1991 Labégorce, Margaux

SKU #1147730

Purchased direct from the property and a personal favorite of K&L founder Clyde Beffa, Labegorce appeals to those with a preference for 'old school' Bordeaux: structured, earthy, meaty, and rustic, with dark fruits and classic Margaux minerality. Time in bottle brings out additional complexity, as the tannins soften as secondary and tertiary aromas and flavors of dried fruits, tobacco, wood, and leather emerge. With 20+ years of age, this wine is mature and ready to drink tonight. Open and enjoy with food...steak, preferably!

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Price: $29.99

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By: Clyde Beffa Jr. |  K&L Staff Member  |  Review Date: 12/17/2013  | Send Email
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Garnet color on the lighter side. Mineral aromas with some sweetness. Great palate entry--rustic style but still very sweet on the finish. Old school Bordeaux and a fine value at under 30 dollars

By: Gary Westby |  K&L Staff Member  |  Review Date: 12/15/2013  | Send Email
If you are looking for an antidote to over-sized Cabernet Sauvignon, look no further. This old school, mature Bordeaux is just the wine for those of us who value maturity, complexity and restraint over youthful fruit, monolithic flavors and power. Cinnamon and I enjoyed this with a rib-eye that I prepared on our little hibachi over mesquite, and it was wonderful. The 1991 vintage is a very rare one to find, as so much of the crop was destroyed by frost. Luckily, Labegorce is near the water, and the harvest was saved. This herbal, light bodied claret will thrill wine lovers who want something that is the opposite of "cult" wine!
Top Value! Drink from 2013 to 2016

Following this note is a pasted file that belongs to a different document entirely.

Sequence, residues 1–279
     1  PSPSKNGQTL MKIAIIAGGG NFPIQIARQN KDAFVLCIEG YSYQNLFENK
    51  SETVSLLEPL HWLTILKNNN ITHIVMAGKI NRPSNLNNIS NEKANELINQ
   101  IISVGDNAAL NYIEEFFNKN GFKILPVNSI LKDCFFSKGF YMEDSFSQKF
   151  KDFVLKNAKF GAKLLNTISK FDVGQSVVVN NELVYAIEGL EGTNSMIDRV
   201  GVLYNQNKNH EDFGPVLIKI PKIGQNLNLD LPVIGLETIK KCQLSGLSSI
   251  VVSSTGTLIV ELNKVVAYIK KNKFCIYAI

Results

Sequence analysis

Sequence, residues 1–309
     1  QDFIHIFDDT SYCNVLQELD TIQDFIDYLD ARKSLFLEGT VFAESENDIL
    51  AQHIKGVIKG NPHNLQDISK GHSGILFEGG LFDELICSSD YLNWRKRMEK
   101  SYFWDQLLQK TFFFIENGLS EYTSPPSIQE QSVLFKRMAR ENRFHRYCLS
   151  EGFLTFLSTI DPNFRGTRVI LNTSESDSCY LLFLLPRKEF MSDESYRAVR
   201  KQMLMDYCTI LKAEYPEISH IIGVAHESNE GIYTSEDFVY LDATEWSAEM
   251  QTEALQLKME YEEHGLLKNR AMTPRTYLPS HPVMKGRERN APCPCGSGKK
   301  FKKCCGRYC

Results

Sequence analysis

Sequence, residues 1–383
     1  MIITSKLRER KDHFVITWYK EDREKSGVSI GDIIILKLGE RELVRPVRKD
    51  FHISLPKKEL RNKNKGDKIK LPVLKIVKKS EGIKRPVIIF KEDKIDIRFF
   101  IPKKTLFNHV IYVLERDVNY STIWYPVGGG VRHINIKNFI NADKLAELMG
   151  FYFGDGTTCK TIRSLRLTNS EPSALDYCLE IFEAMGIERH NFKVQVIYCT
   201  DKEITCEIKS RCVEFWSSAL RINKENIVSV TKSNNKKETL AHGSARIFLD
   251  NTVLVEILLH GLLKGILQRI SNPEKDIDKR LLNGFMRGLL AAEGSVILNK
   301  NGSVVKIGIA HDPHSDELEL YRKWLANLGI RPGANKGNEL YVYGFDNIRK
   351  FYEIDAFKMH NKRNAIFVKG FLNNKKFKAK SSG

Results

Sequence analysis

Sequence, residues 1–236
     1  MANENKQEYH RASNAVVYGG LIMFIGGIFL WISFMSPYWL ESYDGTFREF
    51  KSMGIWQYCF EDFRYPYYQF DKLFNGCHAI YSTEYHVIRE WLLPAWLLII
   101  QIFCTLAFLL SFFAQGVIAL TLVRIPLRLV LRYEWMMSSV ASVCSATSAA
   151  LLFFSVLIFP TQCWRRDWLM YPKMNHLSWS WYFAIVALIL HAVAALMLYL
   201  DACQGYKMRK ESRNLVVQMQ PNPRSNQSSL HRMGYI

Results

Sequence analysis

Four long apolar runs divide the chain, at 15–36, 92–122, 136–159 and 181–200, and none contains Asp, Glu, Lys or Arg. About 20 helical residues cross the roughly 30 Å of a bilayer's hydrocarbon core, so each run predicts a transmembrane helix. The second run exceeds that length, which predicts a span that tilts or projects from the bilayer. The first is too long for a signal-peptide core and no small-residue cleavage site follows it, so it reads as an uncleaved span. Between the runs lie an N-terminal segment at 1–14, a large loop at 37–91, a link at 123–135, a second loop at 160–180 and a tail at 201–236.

Additional Information:

Varietal:

Cabernet Sauvignon and Blends

- Cabernet Sauvignon has come a long way from its role as a blending varietal, however dominant, in the wines of Bordeaux. Today it is the most planted red varietal in the world. Identified as a descendent of Cabernet Franc and Sauvignon Blanc, the late-ripening Cabernet Sauvignon needs to be planted in warmer climates to fully ripen. Its small berries can easily be identified for their distinctive blue color, thick skins and high tannins. And while the varietal has its own definitive characteristics: green pepper-like aromas and black currant flavors among them, it is perhaps most prized for its ability to convey terroir, vintage and winemaking. A relatively new varietal, Cabernet Sauvignon started making inroads into the wines of the Médoc and Graves in the late-18th century. Today it is also dominant in the up-and-coming Entre-Deux-Mers region of Bordeaux and can also be found in Southwest France. It is the companion varietal to Sangiovese in Italy's Super Tuscans and is planted all over Europe, stretching to lesser-known winegrowing regions like Russia and Lebanon. In the Americas Cabernet Sauvignon has found champions in every nook and cranny of California and among winemakers in Washington, where it complements plantings of Merlot. In South America, Cab thrives in Chile, but can also be found in smaller amounts in Argentina and even in Mexico.
Country:

France

- When it comes to wine, France stands alone. No other country can beat it in terms of quality and diversity. And while many of its Region, Bordeaux, Burgundy and Champagne most obviously, produce wine as rare, as sought-after and nearly as expensive as gold, there are just as many obscurities and values to be had from little known appellations throughout the country. To learn everything there is to know about French wine would take a lifetime. To understand and appreciate French wine, one only has to begin tasting them. Click for a list of bestselling items from all of France.
Sub-Region:

Bordeaux

- View our bestselling Bordeaux.
Specific Appellation:

Margaux

- Margaux is the southern most of all of the appellations of the Haut Medoc. Located near St. Julien, it has more cru classe producers than the other four villages of the area. In addition to the legendary Chateau Margaux, there are five second-growths: Rauzan Gassies, Rauzan Seglas, Dufort-Vivens, Lascombes, and Brane Cantenac. While more people are probably familiar with the third growth Chateau Palmer, there are nine other wineries with the same ranking in addition to a trio of fourth growths and a pair of fifth growths. Because Margaux is comprised of five communes… Margaux, Cantenac, Soussans, Labardes and Arsac, the wines styles are diverse throughout the region with the more masculine tannic wines coming from the Cantenac side of the appellation. Because of a high percentage of Merlot planted in the region, many wines from Margaux are more round, feminine, and exotic that the other appellations of the Haut Medoc.